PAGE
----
SAINT-NOM-LA-BRETECHE – Rory McIlroy and Graeme McDowell ran their record to 3-1 as Great Britain & Ireland took a commanding seven-point lead Saturday at The Vivendi Trophy with Seve Ballesteros.
The talented duo won two more matches – both by 2-and-1 scores – to move their team within two points of capturing the Ryder Cup-style event for a fifth consecutive time.
'We really fed off each other. It was a great day's work and we couldn't be happier,' said McIlroy.
Great Britain and Ireland, captained by Paul McGinley, will carry a 12 1/2 - 5 1/2 lead over Continental Europe into Sunday's singles matches. It will need to win just two of the 10 matches to retain the trophy.
'We've got a great captain. He's been fantastic and has never left us in the dark,' said McIlroy. 'He's got a lot of good ideas about team golf and has put some of that into practice, so I think a lot of the credit has to go to him.'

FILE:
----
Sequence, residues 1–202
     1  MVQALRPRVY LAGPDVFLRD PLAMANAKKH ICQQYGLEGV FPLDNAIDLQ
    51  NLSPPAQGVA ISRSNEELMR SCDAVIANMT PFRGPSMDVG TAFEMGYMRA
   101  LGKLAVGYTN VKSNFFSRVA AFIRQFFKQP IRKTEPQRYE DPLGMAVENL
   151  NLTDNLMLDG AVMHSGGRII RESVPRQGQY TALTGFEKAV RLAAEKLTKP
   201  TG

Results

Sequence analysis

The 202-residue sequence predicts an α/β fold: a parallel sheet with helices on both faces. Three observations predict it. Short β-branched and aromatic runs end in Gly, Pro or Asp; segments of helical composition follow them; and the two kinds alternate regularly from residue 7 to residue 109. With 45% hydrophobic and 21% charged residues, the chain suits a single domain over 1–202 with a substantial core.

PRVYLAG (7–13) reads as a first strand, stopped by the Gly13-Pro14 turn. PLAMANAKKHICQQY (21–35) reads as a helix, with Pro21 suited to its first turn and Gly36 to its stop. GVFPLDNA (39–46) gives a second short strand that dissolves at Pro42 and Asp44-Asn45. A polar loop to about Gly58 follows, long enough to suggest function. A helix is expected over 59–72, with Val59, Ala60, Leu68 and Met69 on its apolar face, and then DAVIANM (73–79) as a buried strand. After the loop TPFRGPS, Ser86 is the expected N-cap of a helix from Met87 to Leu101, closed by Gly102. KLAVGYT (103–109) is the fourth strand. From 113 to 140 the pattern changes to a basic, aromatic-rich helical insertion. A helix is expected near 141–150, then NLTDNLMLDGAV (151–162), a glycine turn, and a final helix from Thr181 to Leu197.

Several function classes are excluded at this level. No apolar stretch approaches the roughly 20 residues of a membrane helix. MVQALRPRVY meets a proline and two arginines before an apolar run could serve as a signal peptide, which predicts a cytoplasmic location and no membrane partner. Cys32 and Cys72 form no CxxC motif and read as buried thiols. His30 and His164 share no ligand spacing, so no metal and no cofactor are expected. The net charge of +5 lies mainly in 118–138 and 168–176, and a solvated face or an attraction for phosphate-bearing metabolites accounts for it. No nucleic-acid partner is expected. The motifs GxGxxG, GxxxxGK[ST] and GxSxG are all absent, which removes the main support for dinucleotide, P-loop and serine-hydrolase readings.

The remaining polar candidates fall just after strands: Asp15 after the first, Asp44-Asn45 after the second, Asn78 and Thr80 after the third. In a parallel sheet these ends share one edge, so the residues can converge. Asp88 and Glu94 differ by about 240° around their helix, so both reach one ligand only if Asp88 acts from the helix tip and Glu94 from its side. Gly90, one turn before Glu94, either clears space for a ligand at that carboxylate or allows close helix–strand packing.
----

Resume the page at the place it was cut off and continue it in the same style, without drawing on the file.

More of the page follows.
McIlroy and McDowell, both top-50 golfers, dispatched world No. 5 Henrik Stenson and Peter Hanson in the first match of the morning greensomes. Great Britain & Ireland, which carried a 6-4 lead into Saturday, won three of the four morning matches to extend its lead to 9-5.
Also winning were Nick Dougherty and Robert Rock, who cruised to a 5-and-4 victory over Robert Karlsson and Gonzalo Fernandez-Castano; and Ross Fisher and Chris Wood, who edged Anders Hansen and Francesco Molinari 1-up.
Continental Europe picked up its only full point Saturday when Miguel Angel Jimenez and Alvaro Quiros upended Simon Dyson and Oliver Wilson, 1-up, in the morning.
It got a half-point in the afternoon when Stenson and Hanson halved their foursomes match with Dougherty and Steve Webster.
But all the other foursomes matches were won by Great Britain & Ireland – McIlroy and McDowell over Soren Hansen and Soren Kjeldsen; Fisher and Wood in a 3-and-2 victory over Anders Hansen and Molinari; and Rock and Wilson with a 1- up triumph over Quiros and Jimenez.
Great Britain & Ireland has won every Vivendi Trophy – former called the Seven Trophy – since Continental Europe captured the inaugural event in 2000.